Preview: Ear Taxi Festival Shifts to Mainstage Concerts

As Ear Taxi Festival enters its third and final weekend, the focus shifts to the Mainstage Series Concerts, with five full days of mostly free performances in venues spread across the city. New Music Chicago is presenting this year’s festival, which has the theme Hear Chicago. The organizers have made an aggressive attempt to include all of Chicago’s new/contemporary classical music community, especially artists and composers of color. This reflects a desire to overcome long-entrenched whiteness in classical music culture. Approximately 600 artists are performing in 100 events in this year’s festival. There are 36 world premieres of new works, several of which were commissioned by the festival. There are several lectures and professional development opportunities. Programs also incorporate visual and movement into the music. Most concerts will be live streamed on YouTube. Flautist Jennie Oh Brown is serving as executive and artistic director of Ear Taxi Festival. Her ensemble Picosa performs on Thursday. Photo by Forest Strong Lafave. The scene of Thursday’s action is the Kehrein Center for Performing Arts in Chicago’s Austin neighborhood. The executive director of this year’s festival is Jennie Oh Brown. Her ensemble Picosa starts things off at noon with a program that includes Mirage by Shulamit Ran and Meteore D’Inverno (Winter Meteors) by Picosa’s composer-in-residence Jonathon Kirk. This will be followed by several 30-45 minute performances that run throughout the day, breaking only for dinner. It ends with KAIA String Quartet performing the third quartets by Ran (Glitter, Doom, Shards, Memory) and Gustavo Leon. Thursday, September 30, Kehrein Center, 5828 W. Washington Blvd, free. Ran’s music features prominently throughout the weekend, as do works by Augusta Read Thomas, George Lewis, Clarice Assad, Amos Gillespie, Stacy Garrop, Tonio-Ko, and dozens of other Chicago composers. The marvelous but sadly underperformed music by Chicago’s Florence Price, a Black composer prominent in the mid-20th century, will also be featured. Day-long festivities continue on Friday, October 1, on the campus of DePaul University with performances and lectures starting at the DePaul Art Museum and ending at the wonderful new Holtschneider Performance Center at the School of Music. Violinist Sarah Plum starts things off with Parameters of Sound, a program featuring four com.posers with Chicago ties. DePaul Art Museum, 935 W. Fullerton, 11:30am -12:15pm, free Fulcrum Point New Music Project will be continuing their LatinX project in collaboration with the International Latino Cultural Center of Chicago. Photo by Elliot Mandel. Backing up Plum will be Eighth Blackbird cellist Nick Photinos, who performs his own composition Untitled and works by several other composers at the Holtschneider Performance Center, 3:15-4:00pm, free. Later that afternoon, Fulcrum Point New Music Project, headed by trumpeter and composer Stephen Burns, offers another installment of LatinX. In partnership with the International Latino Cultural Center of Chicago, Fulcrum Point has been highlighting the work of composers from Latin America. Friday's program includes the world premiere of Lupita Diaz-Donato’s Nubes, as well as Clarice Assad’s  Book of Spells. Holtschneider Performance Center, Gannon Hall, 2330 N. Halsted, 5:15-6pm, free. The scene on Saturday, October 2, shifts to the Logan Center for Performing Arts in Hyde Park, 915 E. 60th St. Gaudete Brass performs world premieres by seven Chicago composers, including Amos Gillespie. 2-2:45pm, free. That evening, Zachary Good and Tonia Ko offer the world premiere of their composition Up High, which was commissioned by the Ear Taxi Festival. 6-6:45pm, free. This will be followed by Wet Ink Ensemble, a concert being hosted by the Chicago Center for Contemporary Composition, 7:30-9:30pm, general admission $20; students are free. Sunday’s afternoon concerts are at the Epiphany Center for the Arts at 201 S. Ashland. After dinner, things move to Constellation. The festival wraps up back at the Kehrein Center on Monday, October 4. Detailed program information can be found at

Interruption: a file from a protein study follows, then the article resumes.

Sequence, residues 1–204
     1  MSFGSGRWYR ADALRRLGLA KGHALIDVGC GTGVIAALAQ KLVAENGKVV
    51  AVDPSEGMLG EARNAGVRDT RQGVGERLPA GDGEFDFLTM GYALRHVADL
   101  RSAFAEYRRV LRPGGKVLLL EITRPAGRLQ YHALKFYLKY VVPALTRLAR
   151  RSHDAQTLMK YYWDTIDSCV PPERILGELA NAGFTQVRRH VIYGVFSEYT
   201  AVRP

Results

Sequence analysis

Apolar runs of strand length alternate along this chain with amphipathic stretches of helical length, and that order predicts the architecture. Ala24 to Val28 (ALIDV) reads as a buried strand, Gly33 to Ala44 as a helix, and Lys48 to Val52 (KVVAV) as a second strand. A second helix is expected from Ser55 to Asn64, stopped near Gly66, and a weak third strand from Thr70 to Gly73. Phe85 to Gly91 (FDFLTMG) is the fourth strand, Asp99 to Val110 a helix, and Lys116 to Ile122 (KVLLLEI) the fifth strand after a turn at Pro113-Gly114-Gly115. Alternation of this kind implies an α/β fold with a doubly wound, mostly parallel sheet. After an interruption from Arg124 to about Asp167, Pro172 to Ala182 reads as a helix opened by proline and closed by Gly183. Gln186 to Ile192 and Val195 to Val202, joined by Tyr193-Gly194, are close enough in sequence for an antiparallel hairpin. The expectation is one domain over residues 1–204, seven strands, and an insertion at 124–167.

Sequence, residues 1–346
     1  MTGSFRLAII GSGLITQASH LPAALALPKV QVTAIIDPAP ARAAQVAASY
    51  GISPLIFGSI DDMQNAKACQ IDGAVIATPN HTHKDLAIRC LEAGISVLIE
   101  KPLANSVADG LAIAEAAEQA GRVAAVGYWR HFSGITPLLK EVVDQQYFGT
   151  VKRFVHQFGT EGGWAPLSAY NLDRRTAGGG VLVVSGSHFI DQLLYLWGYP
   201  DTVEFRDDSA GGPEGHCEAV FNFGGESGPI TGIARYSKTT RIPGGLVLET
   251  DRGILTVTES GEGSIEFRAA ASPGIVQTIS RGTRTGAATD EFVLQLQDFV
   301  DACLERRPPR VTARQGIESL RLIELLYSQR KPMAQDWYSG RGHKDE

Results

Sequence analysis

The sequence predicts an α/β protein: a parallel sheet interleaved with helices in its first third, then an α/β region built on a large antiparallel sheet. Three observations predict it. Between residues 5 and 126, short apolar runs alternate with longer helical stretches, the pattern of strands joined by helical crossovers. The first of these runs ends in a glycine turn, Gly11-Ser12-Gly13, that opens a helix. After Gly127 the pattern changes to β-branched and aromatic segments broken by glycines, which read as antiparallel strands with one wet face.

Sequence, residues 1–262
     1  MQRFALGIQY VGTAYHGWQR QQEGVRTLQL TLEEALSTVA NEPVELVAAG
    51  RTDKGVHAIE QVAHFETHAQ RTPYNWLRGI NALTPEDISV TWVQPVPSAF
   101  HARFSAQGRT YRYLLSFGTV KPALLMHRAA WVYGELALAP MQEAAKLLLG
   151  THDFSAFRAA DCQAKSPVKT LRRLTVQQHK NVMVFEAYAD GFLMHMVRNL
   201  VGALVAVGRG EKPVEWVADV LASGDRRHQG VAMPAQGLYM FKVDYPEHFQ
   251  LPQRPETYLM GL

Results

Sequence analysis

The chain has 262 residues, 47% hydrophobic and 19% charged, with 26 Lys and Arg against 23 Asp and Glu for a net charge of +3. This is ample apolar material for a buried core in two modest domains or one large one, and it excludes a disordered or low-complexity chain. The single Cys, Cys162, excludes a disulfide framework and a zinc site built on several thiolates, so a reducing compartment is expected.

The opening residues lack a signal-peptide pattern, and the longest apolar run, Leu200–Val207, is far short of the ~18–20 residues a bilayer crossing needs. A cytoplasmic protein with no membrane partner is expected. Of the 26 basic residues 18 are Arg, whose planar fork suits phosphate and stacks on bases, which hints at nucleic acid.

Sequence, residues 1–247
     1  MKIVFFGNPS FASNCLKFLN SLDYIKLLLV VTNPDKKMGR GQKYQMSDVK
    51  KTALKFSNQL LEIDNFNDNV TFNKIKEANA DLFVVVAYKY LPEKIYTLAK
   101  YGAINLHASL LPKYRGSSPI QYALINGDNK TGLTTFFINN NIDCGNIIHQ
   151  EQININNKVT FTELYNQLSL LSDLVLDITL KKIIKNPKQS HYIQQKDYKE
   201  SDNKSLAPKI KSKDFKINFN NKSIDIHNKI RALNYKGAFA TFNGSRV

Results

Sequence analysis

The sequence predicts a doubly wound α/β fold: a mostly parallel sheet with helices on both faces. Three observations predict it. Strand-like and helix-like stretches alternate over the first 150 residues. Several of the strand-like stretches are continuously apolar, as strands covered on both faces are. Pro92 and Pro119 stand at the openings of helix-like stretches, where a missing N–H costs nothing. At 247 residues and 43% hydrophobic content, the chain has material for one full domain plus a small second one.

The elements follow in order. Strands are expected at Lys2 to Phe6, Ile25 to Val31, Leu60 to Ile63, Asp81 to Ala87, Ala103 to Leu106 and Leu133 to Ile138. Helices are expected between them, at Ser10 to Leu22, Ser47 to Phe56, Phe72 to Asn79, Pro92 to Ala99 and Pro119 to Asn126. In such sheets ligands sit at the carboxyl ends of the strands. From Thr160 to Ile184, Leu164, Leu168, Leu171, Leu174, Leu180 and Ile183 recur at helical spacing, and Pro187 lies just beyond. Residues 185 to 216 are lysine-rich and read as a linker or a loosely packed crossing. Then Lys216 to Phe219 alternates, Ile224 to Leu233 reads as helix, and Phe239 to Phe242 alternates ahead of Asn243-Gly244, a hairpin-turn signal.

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Louis Harris

A lover of music his whole life, Louis Harris has written extensively from the early days of punk and alternative rock. More recently he has focused on classical music, especially chamber ensembles. He has reviewed concerts, festivals, and recordings and has interviewed composers and performers. He has paid special attention to Chicago’s rich and robust contemporary art music scene. He occasionally writes poetry and has a published novel to his credit, 32 Variations on a Theme by Basil II in the Key of Washington, DC. He now lives on the north side of Chicago, which he considers to be the greatest city in the country, if not the world. Member of the Music Critics Association of North America.